Olympic team charms HK

By Yang Sheng Source:Global Times Published: 2016/8/29 0:38:39

Trip to help strengthen region’s national identity

Lin Yue and Chen Aisen of the Chinese Olympic diving team put on a demonstration at Victoria Park swimming pool in Hong Kong on Saturday. A delegation of Chinese mainland athletes who won medals at the Rio 2016 Olympic Games is visiting Hong Kong from Saturday to Monday. Photos: AFP

The warm welcome received in Hong Kong by the Chinese mainland Olympic delegation can help mend Chinese mainland-Hong Kong ties in the wake of pro-independence protests and help strengthen Hong Kong residents' national identity, analysts said. 

The 64-strong delegation saw 42 gold medalists and five coaches, including ping-pong player Zhang Jike, swimmer Sun Yang, the Chinese women's volleyball team and coach Lang Ping, visit the region, the Xinhua News Agency reported.

Hong Kong also invited athletes who did not win gold at the Rio Games, such as bronze medal-winning swimmer Fu Yuanhui and badminton superstar Lin Dan, according to Xinhua.

Fu became an Internet sensation in China after her captivating post-match interviews.

Xinhua reported that the delegation will have three showcases during the trip, including ping-pong and diving exhibitions with children. Some 6,000 tickets were sold in three hours last week, and tickets which had only a face value of HK$20 ($2.5) were apparently being sold by scalpers for as much as HK$1,000.

According to Hong Kong-based newspaper Ming Pao, Fu said during the press conference in Hong Kong on Saturday that she loves Hong Kong and she had never dreamed of being so popular. She stressed that "We [the mainland and Hong Kong] are family, like brothers and sisters."

The delegation also faced some difficult questions as a reporter from Hong Kong's Apple Daily asked the athletes how they would respond if they encountered protests during their visit as tensions between the mainland and Hong Kong were on the rise.

Wen Wen, a mainland official who hosted the press conference, said the question was irrelevant to the purpose of their visit. He said sports are not related to politics and that they need to let go of politics, Ming Pao reported.

It has been a tradition for mainland medalists to visit Hong Kong after the Olympics since the Sydney Games in 2000. This event can always boost national pride and enhance the ties between the mainland and Hong Kong.

Patriotic feelings

Zhang Dinghuai, deputy director of the Center for Basic Law of Hong Kong and Macao at Shenzhen University, told the Global Times the trip can boost patriotic feelings and raise a sense of national pride among Hong Kong people.

Tian Feilong, an assistant professor at Beijing-based Beihang University, told the Global Times that the timing is interesting, as Legislative Council elections will start very soon on September 4, so this trip could enhance the national pride of Hong Kongers and affect the election to some extent.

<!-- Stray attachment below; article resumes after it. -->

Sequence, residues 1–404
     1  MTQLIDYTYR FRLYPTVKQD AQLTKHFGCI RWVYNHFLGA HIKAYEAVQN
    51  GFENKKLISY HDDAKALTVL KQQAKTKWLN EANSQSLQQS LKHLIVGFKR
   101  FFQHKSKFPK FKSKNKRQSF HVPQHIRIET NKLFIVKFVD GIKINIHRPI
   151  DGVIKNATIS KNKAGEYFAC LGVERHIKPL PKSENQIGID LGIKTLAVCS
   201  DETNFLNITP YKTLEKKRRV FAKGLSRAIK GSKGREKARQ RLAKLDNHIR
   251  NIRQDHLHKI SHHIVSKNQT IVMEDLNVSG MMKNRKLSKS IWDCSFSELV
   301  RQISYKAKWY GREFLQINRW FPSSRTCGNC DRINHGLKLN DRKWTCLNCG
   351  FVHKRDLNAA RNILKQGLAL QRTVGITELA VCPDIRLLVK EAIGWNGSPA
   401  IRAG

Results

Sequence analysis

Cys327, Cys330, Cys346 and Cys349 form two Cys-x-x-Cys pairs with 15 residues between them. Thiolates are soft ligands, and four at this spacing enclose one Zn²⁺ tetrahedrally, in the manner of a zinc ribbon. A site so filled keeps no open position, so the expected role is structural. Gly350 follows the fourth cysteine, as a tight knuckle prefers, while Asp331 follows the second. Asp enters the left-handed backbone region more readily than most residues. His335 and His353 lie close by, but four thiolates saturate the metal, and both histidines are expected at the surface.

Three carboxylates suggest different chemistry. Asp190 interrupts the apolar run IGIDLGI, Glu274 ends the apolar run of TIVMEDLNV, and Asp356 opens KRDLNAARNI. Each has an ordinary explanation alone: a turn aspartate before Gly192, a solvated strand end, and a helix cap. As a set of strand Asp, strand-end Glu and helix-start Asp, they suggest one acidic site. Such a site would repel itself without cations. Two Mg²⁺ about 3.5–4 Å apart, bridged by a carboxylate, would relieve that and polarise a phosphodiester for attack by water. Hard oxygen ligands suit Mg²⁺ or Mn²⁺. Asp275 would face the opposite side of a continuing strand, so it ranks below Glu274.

Compared to exchanges between scholars, business elites and politicians, regular Hong Kong residents will be more attracted by visiting sports stars, appealing to young and old alike, Tian said.

According to a previous Reu-ters report, Hong Kong-independence activists protested at a screening of an Olympics badminton match between Hong Kong and the mainland, the first time anti-mainland sentiment in Hong Kong had spilled so explicitly onto the Olympic stage.

"Pro-independence activists caused some trouble, but when the women's volleyball team beat many strong teams and finally won the gold, the activists had no chance to spread any negativity," Tian said.

Chinese women's volleyball is very popular in Hong Kong. Hong Kong-based Phoenix TV reported that on the day of the final, many Hong Kongers watched the game as they had morning tea and dim-sum, and all the customers cheered after China eventually triumphed.

At a shopping mall, many people were standing in front of big screens during and after the game, and one young man could not hold back tears as he told a Phoenix TV reporter, "This is a team sport which needs unity to win, and our Chinese with black hair and yellow skin also need unity."

"In the 1980s, during the era of China-UK negotiations over Hong Kong, the team was a legend which brought a lot of victories and boosted Hong Kongers' Chinese identity," Tian said.

"Aside from these memories, the current team's excellent performance in Rio can also inspire the youth of Hong Kong," he noted.

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